When I was five, my grandmother took me to see Alice in Wonderland at our local theatre. I never wanted anything else from that moment on. I spent every summer frolicking through a thespian dreamland, revelling in the scent of paint and wood, stage makeup, hairspray, and setting powders. I spent my nights drilling lines from scripts, my days practicing choreography as I walked to my classes, and I took thirty minute showers to sing and kiss the vinyl walls. All in the pursuit of the first actor, Thespis.
I moved here to take the relationship a step further. I did a few commercials, performed on cruise ships, and I had a decent start for my high hopes.
Then I met Michael. I walked into the theatre for an audition and sipped my caramel macchiato with whipped cream as I ogled the gorgeous caramel macchiato with wrought iron curls performing “Almost Like Being in Love.”
A god. The spirit of Thespis’ incarnation. My heart exploded into a gaudy shrine in his honor, burning incense and muttering desperate prayers.
We were cast in the lead roles together. He acted like the devil, sang like an angel, and when he kissed me I realized I’d found it. I’d found the stage. It was him. Stage lights sparkled in his eyes, and every time he touched me, the tingling energy and nourishing warmth of a crowd’s laughter and applause flooded me.
In a week I asked him out for a few drinks. He came along and drank water, bought me a couple of Blue Hawaiians. We did this regularly for a week or so. We had a great time getting to know each other. He was hilarious, sarcastic, and a disgustingly good dancer. He listened well, acted like a gentleman, and loved his mom. He smiled a lot. It looked delicious. I wanted to eat that smile.
About two weeks into our nightly excursions, he brought me home like usual, but I tripped and broke the window of the apartment building’s yellow door. Even drunk, that was unusual.
Michael insisted he take me to the ER, but I didn’t have insurance for that kind of garbage, so I resisted, and he helped me up the stairs up and walked me to my apartment. Inside, he stood nearby as I washed my hand.
“If you need stitches, I’ll pay for it. I’m not gonna let you go mess up your hand a couple weeks before the show. You’re going to—”
“It’s fine. Just a band aid.”
“Bull.” He came over and took my wet hand for inspection. “You’re friggin’ lucky,” he muttered, releasing my hand.
“I know, ” I said.
“Had a tetanus shot?”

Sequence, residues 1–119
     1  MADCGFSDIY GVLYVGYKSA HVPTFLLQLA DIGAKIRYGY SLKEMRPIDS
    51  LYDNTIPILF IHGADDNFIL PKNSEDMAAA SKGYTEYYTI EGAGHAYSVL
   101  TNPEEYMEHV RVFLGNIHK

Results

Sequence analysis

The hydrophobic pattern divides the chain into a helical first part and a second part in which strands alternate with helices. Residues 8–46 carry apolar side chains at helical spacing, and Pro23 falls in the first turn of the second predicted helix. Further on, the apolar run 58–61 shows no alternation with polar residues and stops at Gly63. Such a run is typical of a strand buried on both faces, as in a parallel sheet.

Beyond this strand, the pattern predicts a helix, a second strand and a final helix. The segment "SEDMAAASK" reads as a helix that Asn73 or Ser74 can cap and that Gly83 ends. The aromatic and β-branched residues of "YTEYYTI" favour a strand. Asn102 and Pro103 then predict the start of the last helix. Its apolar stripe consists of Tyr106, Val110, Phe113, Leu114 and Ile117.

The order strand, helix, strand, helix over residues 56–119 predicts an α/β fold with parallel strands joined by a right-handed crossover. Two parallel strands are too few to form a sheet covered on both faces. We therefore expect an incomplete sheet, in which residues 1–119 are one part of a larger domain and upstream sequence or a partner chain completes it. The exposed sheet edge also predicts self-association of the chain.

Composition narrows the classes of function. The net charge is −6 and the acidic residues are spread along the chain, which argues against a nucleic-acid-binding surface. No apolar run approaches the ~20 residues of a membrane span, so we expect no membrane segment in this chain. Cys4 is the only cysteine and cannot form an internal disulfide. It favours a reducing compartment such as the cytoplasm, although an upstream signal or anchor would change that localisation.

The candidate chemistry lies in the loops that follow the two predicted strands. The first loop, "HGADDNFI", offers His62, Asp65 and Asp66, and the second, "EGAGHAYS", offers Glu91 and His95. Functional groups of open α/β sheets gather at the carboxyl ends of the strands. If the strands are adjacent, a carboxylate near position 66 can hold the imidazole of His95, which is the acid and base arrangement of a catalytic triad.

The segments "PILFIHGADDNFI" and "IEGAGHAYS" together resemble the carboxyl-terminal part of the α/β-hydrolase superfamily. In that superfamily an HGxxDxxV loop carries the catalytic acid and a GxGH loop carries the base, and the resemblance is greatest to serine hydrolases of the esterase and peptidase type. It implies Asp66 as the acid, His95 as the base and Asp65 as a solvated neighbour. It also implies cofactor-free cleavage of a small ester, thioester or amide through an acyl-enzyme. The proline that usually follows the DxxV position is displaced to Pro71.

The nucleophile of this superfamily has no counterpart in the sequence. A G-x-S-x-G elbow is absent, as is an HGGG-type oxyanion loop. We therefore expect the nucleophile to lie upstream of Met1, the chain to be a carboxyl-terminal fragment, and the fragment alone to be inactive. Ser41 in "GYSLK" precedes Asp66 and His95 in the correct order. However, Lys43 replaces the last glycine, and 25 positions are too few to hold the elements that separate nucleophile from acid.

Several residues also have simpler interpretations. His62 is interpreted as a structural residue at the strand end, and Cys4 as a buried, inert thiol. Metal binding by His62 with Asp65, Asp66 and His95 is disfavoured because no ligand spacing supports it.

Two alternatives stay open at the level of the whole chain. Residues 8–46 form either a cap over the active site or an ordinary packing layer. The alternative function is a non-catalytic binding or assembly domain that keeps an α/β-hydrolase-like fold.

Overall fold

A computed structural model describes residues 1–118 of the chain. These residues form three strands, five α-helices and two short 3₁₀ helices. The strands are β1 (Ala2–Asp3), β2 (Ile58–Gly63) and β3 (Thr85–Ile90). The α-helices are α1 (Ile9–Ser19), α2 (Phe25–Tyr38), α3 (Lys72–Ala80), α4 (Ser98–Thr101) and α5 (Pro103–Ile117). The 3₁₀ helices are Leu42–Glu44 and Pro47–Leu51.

“‘Kay, well,” he shoved his hands into his pockets, “I had fun, I’ll see you at rehearsal tomorrow. Jackson wants us to go over the debutante scene. You ready?”
I was gonna eat it.
“Y’know, I don’t think I’m ready for the end of the debutante scene,” I lied. “Run through it with me real quick.”
“O-o-okay, then.” He twisted his face, amused. “Are you sure you can do that now?”
“No, I’m not, idiot. That’s why I’m askin’ you to go over it with me. Gah.”
“Okay, okay, fine. Pick it up from where?”
“Mr. Chase says you and him were an item,” Michael said.
“What would it mean if we were?” I asked.
“Del, you know your lines just fine.”
“I’m not Del. I’m Virginia. Get it right, turd.”
“Fine. It would mean—and then here’s the song.” Michael went through the blocked choreography, mumbling a melodic ladeda ’til we stood facing each other. He took my hands and looked down at me
“Virginia, believe me, I love you.”
I whispered, “Say Del.”
“Say Del instead of Virginia.”
“I love you, Michael.” I took a deep breath. I did. I loved him. I loved him with everything in my soul. I loved him more than the fragrance of freshly xeroxed and folded programs. More than—
“What are you doing, Del?”
I closed my eyes, still holding his hands. “Eating your smile.”
He laughed. “Are you professing your love to me, Del?”
I nodded. “Yes, yes, I am.”
He breathed out a smile. “Del, you’re drunk.”
“I’m still Del. Let me eat your smile.”
He laughed again. “I care about you. I do. You made my night. I just feel like we should talk about this more seriously when you’ve got less Blue Hawaiian swishing through your head.”
“I thought this all out before I had a drop in me, doggone it, give me the smile!” I grabbed his head and pulled his face to min, and I kissed him.
Life behind the yellow door seemed to be going in the right direction. When I woke up the next morning, Mr. Wrought-Iron-Hair was making pancakes.
But, as Sondheim says,
You’re right, nothing’s fair,
And it’s all a plot,
And tomorrow doesn’t look so hot . . .
-Sarah Joy Green-Hart